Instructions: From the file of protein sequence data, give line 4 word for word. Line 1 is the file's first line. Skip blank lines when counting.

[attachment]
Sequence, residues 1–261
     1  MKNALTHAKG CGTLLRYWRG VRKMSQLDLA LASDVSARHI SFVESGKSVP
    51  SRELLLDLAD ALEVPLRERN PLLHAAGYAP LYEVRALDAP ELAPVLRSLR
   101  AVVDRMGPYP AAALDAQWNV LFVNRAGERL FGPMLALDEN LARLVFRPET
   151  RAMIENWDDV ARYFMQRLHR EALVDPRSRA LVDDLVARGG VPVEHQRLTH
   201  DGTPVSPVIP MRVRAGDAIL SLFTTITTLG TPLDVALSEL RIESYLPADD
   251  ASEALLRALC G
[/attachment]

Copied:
   101  AVVDRMGPYP AAALDAQWNV LFVNRAGERL FGPMLALDEN LARLVFRPET